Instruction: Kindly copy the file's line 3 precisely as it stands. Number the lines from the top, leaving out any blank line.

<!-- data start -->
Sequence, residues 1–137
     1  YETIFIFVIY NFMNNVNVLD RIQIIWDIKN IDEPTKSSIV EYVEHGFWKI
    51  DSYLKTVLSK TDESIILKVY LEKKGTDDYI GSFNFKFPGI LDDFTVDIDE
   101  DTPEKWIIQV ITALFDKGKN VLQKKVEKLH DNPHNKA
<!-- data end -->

    51  DSYLKTVLSK TDESIILKVY LEKKGTDDYI GSFNFKFPGI LDDFTVDIDE